Rabbinic Reflections: Issue 159

May 12, 2023 (21 Iyar 5783)

In His Path: It's not always so easy!

Dear Friends,

I hope this correspondence finds you doing well and in good health. Please join us this Saturday morning for Shabbat services, which will take place in our beautiful sanctuary at 10:15am. These services will, as always, be available on our regular Zoom prayer link. Whether in-person or on Zoom, we look forward to davening (praying) with you!

This Shabbat, we will celebrate the Bat Mitzvah anniversary of our member Andrea Zweig Wagner, who will chant the Maftir and the Haftarah on our behalf. We also look forward to welcoming Andrea’s mishpucha (family) and thank them in advance for sponsoring our Shabbat Kiddush luncheon.

Please join us at 8:00pm on Monday, May 22nd for our third installment of Israel Update, when we will be joined by Dr. Tuvia Book, who will speak on the realities and challenges of everyday life in Israel. Tuvia lives in Modiin and is a noted lecturer, scholar-in-residence, and licensed tour guide.

In the second of this week’s Torah portions, Bechukotai, we read HaShem’s ultimate challenge to the Jewish people: אִם־בְּחֻקֹּתַ֖י תֵּלֵ֑כוּ, “when you walk in my ways.” The portion details the blessings that come our way when following God’s path and, by corollary, the curses that lurk when we turn our backs on our sacred calling.

While Bechukotai offers a simple roadmap to personal and spiritual success, we must acknowledge that as we go through life, it is not always simple to follow the straight path, whether with God or within our own being. In our society, numerous obstacles can impede our ability to present our most authentic and genuine self. Our challenges may be physical, cognitive, financial, familial, emotional, and even center around mental health.

Over the past few years, mental health struggles among some celebrities have been featured in the press, but mental health issues seem to be a new epidemic affecting many young adults, the causes of which were exacerbated by the isolation imposed by Covid. Sadly, this trend has not escaped our own Jewish communities.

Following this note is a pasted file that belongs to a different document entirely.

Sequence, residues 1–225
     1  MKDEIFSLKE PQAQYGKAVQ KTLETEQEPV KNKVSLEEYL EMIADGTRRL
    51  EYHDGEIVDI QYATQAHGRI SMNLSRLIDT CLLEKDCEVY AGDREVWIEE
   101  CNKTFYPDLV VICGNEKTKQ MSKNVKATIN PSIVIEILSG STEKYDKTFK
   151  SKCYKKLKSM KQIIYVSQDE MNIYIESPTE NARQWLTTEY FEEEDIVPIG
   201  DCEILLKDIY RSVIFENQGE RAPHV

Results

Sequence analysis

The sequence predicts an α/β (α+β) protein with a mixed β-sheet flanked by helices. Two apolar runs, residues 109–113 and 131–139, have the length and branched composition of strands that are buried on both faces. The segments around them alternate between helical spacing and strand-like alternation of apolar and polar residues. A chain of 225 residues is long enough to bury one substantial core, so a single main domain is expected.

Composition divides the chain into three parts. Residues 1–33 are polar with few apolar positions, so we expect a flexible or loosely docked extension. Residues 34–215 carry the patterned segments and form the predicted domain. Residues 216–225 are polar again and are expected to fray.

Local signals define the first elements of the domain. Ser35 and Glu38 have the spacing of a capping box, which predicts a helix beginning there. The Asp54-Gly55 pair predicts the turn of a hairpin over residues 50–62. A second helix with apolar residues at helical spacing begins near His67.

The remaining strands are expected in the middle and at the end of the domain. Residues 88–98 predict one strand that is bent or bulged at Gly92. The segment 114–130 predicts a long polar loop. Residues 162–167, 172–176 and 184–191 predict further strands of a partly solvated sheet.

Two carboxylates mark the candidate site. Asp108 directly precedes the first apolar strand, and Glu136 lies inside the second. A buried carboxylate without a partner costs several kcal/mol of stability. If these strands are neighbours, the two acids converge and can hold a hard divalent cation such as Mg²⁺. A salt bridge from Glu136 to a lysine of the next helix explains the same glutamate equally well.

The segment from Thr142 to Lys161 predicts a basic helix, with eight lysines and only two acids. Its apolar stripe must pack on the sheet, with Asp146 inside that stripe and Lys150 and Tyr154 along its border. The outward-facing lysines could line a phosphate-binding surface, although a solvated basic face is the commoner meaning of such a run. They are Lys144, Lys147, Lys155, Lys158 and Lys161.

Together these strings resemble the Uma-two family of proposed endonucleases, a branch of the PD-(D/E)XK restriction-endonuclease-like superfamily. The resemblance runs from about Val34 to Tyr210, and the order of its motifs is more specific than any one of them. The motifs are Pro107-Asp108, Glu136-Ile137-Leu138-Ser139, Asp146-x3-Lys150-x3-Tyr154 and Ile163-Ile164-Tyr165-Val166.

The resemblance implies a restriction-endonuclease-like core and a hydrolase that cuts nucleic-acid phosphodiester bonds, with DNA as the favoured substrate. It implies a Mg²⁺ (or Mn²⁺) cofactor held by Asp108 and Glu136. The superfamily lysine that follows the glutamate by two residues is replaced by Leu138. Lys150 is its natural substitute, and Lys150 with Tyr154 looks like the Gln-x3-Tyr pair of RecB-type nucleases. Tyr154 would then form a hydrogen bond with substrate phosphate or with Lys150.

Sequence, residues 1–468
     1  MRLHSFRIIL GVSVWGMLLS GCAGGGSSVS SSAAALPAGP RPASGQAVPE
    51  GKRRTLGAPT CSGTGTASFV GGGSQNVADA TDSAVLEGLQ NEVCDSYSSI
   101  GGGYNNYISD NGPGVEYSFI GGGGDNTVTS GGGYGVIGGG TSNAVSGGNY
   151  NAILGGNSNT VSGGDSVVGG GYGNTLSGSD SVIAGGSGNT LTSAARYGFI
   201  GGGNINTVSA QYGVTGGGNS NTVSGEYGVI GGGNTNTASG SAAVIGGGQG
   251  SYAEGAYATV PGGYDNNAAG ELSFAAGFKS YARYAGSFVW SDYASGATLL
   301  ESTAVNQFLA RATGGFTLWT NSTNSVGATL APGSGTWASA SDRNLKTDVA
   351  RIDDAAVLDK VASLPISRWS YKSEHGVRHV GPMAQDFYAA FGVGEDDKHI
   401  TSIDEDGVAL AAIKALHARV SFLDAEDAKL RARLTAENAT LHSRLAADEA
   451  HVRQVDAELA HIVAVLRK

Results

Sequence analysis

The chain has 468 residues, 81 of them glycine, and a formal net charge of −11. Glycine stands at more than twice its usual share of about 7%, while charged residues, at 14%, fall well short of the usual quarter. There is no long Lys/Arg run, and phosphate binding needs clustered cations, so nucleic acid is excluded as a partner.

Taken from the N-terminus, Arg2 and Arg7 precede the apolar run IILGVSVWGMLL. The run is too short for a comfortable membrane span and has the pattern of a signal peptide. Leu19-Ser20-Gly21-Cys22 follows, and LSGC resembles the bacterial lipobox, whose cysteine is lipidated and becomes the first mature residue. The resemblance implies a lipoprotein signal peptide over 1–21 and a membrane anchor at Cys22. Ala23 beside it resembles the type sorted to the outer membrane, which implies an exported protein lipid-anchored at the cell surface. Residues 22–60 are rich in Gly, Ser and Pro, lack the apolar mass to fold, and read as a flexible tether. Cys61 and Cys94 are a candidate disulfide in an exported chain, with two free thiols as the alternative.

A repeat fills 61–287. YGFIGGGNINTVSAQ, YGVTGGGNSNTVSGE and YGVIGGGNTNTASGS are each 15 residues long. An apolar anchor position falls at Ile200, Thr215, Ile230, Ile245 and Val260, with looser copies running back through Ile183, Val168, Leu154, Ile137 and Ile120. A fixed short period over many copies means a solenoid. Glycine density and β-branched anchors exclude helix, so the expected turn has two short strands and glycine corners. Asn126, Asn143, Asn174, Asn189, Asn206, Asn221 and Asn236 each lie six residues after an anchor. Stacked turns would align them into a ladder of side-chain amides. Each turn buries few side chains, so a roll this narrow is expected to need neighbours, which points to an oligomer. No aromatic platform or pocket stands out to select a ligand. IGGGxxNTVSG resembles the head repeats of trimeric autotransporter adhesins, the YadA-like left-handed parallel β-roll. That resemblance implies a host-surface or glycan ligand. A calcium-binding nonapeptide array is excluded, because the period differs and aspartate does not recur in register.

Last Friday, the high school at which I teach held its third annual Student Mental Health Awareness panel. The panel provided a forum for our students to share their stories of ongoing mental health struggles during a school-wide assembly. One after another, students courageously shared their personal sufferings.

One student, who had been diagnosed with anxiety disorder, mentioned that she was ready for people to understand more about mental health struggles, which is sometimes hard for others to comprehend. With great empathy, I listened to a myriad of youngsters, who described existential uncertainty, social anxiety, attention disorder, patterns of self-harm, instances of assault, and even suicidal ideation.

After the presentation, a student who had struggled with OCD reflected on her experience of sharing those strains. “I’m super proud of myself and everyone who spoke because considering how nervous we were, the reaction was super positive. I think it’s important that everyone knows that they’re not alone in whatever they’re going through.”

The stated goal of the gathering was to raise awareness, destigmatize mental health issues, and hopefully brighten somebody’s life. It was hoped that if there were others in pain, hearing about these experiences would allow them to know that they are not alone. The message was indeed a message of hope and resilience.

The emotional presentation reminded me that Judaism is an empathetic and realistic religion. The Psalms are replete with passages that describe Hashem’s orientation to those in dire straits. Psalm 34 is particularly sensitive to the human condition and reminds us that, “The LORD is close to the brokenhearted; those crushed in spirit He delivers… I turned to the LORD, and He answered me; He saved me from all my fears… Here was a lowly man who called, and the LORD listened, and delivered him from all his troubles.”

Towards the conclusion of each Torah service, during the Misheberach prayer, we recite, “Refuat HaNefesh U’Refuat HaGuf.” HaShem should heal both the body and the soul.

In devout partnership with our Creator, may this Shabbat heighten our awareness and lead us to be the best listeners that we can be. May we always support our brothers and sisters, who may not be experiencing the easiest of paths. Ultimately, in fullness of health of mind, body, and soul, we can all follow in God’s pathways in the greatest manner and become a Divine blessing to ourselves, our family, and others.

Shabbat Shalom,

Rabbi Eric L. Wasser, EdD, Hon.DM
Tel: 201-562-5277

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